Jesus once used the metaphor of a hen when describing his anxious attempts to get his people to shelter under his “wings” (Matt 23:27). But they were not willing. However, the offer is still available. In addition, as any resident of the Australian bush will tell you, the safest place in a bushfire is where the fire has already burned. And if the seven last plagues, (or the curses of the covenant), have already “burned” at Calvary, then the safest place to be when the end-time plagues start falling, is at the foot of the cross.

David Tasker is currently senior lecturer at Avondale College of Higher Education in Australia. Prior to that he served as a church pastor in New Zealand, mission president in Solomon Islands, Dean of the School of Theology at Pacific Adventist University (PNG), Dean of the Seminary at AIIAS (Philippines) and Field/Ministerial Secretary for the SPD.

Photo courtesy of Pexels.

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This is a companion discussion topic for the original entry at http://spectrummagazine.org/node/9478


Thank you for such an insightful thoughts and words of comfort.

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interesting the plaques poured out on Calvary upon Jesus connection with Moses declarations. I’ve never heard that before.

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Hi Robert
if you’d like to read more on ‘the plagues at the cross’, & a non-historicist interpretation of Revelation’s use of OT imagery, including the plagues etc. you could read Des Ford’s ‘The Final Rollercoaster; When Elijah & Jezebel Ride Again’.
Ford notes in Chapter 4 that “the whole book of Revelation sets forth the church’s experiences in terms parallel to the life & death of its Head.” Ford goes on to quote Austin Farrer “the substance of last things and the substance of the passion are one and the same”.
If the cross is the ‘Hinge of History’ why wouldn’t all rites, symbols & salvation imagery in the OT & the NT find their source & vigor in the passion of Christ crucified.
Time to stop supporting the unsupportable ‘dates & times’ that God only knows.

What an interesting perspective. As it pertains to the covenant curses of Deuteronomy, Mr. Tasker’s premise makes much more sense to me, than the notion that Revelation 6 should be interpreted as God whacking his NT church with covenant curses to get its members in line…which is what was conveyed in the SS quarterly.

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Thanks for a good brief representation of covenant theology. In Christ we receive the blessings and are reckoned righteous as individuals who make up the twice born covenant people. In Christ, He received “the curses” and became sin for us for Christ had no sin. (The great exchange)

Therefore if anyone (Gk.sing.) is in Christ he is a new creature; the old things passed away; behold, new things have come. 18 Now all these things are from God, who reconciled us to Himself through Christ and gave us the ministry of reconciliation, 19 namely, that God was in Christ reconciling the world to Himself, not counting their trespasses against them, and He has committed to us the word of reconciliation.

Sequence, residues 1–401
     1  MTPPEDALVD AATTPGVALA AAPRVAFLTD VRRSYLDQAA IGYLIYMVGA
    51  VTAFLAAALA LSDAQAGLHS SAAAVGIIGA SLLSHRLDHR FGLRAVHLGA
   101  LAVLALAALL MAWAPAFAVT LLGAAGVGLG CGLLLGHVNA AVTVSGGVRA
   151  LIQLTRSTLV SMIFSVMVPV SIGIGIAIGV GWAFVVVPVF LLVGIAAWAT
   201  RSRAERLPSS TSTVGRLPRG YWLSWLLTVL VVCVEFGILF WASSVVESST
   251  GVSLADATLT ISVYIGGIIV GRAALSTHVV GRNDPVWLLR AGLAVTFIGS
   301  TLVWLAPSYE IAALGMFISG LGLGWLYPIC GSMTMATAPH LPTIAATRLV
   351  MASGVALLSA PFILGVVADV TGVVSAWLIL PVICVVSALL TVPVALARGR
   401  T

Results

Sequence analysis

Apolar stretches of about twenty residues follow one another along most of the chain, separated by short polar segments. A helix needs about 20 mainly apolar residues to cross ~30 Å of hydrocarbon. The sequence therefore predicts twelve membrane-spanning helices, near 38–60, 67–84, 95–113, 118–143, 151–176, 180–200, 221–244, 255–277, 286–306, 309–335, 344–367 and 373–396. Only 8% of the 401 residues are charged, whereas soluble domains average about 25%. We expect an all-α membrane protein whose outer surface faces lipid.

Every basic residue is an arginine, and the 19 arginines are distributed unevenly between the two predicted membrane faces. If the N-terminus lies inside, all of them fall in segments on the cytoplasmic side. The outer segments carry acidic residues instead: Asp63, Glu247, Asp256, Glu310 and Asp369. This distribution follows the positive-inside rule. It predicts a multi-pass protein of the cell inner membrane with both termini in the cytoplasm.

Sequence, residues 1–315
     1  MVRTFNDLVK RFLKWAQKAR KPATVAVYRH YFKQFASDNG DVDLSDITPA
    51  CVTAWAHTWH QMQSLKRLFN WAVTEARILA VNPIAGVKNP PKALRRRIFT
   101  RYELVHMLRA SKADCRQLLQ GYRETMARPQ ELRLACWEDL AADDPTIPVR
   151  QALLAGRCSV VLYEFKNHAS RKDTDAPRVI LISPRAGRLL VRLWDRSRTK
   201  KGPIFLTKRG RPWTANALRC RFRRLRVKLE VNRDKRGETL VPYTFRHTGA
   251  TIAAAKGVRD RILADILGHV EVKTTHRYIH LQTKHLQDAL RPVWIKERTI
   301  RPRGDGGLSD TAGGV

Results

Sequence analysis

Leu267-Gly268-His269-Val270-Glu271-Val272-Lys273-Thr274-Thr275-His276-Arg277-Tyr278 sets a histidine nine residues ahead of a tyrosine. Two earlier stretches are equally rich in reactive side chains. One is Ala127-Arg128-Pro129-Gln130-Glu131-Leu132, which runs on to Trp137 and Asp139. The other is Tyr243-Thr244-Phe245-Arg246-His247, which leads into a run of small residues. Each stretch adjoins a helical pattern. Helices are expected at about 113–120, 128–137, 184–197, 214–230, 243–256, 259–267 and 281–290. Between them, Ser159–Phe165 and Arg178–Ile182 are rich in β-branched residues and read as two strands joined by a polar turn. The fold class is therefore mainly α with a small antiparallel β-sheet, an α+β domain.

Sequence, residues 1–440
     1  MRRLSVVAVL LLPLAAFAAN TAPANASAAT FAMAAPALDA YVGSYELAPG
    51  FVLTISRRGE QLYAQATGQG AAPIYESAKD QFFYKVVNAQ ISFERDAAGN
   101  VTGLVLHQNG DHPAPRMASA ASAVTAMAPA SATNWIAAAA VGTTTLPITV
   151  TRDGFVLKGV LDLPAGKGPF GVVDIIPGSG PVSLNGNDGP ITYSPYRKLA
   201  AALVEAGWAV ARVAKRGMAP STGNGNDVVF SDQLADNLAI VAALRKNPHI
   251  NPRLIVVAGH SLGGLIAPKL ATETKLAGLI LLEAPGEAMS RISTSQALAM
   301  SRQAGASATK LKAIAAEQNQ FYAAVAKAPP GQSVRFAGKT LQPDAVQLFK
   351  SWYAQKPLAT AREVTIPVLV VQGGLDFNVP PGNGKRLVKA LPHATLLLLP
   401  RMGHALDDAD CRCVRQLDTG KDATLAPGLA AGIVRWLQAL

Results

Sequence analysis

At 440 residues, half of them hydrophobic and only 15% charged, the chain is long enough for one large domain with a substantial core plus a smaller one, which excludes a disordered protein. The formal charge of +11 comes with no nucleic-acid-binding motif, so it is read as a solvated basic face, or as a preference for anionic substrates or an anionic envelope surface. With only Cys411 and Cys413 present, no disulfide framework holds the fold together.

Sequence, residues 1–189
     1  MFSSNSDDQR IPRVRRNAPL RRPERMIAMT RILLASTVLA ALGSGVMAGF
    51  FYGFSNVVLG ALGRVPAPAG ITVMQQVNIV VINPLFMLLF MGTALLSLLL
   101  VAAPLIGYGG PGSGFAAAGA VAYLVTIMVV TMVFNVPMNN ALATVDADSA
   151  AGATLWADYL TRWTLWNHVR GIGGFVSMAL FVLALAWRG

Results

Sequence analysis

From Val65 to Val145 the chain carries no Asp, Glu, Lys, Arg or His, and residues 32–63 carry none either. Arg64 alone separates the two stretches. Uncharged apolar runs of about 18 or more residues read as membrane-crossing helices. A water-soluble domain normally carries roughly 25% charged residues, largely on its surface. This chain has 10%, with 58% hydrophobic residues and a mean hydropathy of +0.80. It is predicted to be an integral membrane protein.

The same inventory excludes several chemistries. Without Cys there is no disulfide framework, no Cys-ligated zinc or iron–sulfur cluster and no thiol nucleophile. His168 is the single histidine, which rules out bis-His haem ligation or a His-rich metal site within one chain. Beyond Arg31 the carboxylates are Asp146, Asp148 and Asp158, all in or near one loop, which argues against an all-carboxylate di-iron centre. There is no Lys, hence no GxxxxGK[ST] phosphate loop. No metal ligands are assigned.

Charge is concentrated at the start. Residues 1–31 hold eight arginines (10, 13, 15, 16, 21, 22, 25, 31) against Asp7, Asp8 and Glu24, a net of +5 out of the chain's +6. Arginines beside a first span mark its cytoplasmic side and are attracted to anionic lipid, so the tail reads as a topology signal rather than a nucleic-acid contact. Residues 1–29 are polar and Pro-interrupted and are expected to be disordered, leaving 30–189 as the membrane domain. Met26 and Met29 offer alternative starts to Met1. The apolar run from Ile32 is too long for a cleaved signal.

20 Therefore, we are ambassadors for Christ, as though God were making an appeal through us; we beg you on behalf of Christ, be reconciled to God. 21 He made Him who knew no sin to be sin on our behalf, so that we might become the righteousness of God in Him. 2 Cor.5: 18-21.

I find the triple notation of what Moses, Jesus and final times reference. Perhaps a double historical happening with a prophetic future fulfillment. (Who was that who talked about the Apostelismatic principle and got in trouble for it?)


Please cite the text which supports what you post regarding the SS lesson.

Accept means what? Is this just another substitutionary assent doctrine?

Now it shall come to pass, if you diligently obey the voice of the Lord your God, to observe carefully all His commandments which I command you today, that the Lord your God will set you high above all nations of the earth. Deut 28:1:

if you heed the commandments of the Lord your God, which I command you today, and are careful to observe them. So you shall not turn aside from any of the words which I command you this day, to the right or the left, to go after other gods to serve them. Deut 28:14

The antinomian trend keeps gaining ground.

Genuine Christians are like living salt cops.

The plagues demonstrate how reprobate and passed feeling Earthlings are at the end of time. They do not have the capability to repent because of their hardened Rom 8:7 attitude. Actually it counters the Calvinist notion/lie about irresistible grace. There is a clue in Kohlberg’s stages of morality which shows that the most immature motive for action is fear. People are so hardened that they stay fools.
"The beginning of wisdom is the fear of the Lord………"Prov 9:10

The first paragraph on Sunday, Jan. 27th (p.37) of the quarterly states, "The events of the seven seals must be understood in the context of the Old Testament covenant curses, specified in terms of sword, famine, pestilence and wild beasts, Lev. 26:21-26). Ezekiel calls them “God’s ‘four severe judgments’ Ezek. 14:21). They were the disciplinary judgments by which God, seeking to awaken His people to their spiritual condition, chastised them when they became unfaithful to the covenant. In a similar way, the four horsemen are the means that God uses to keep His people awake as they await Jesus’ return.”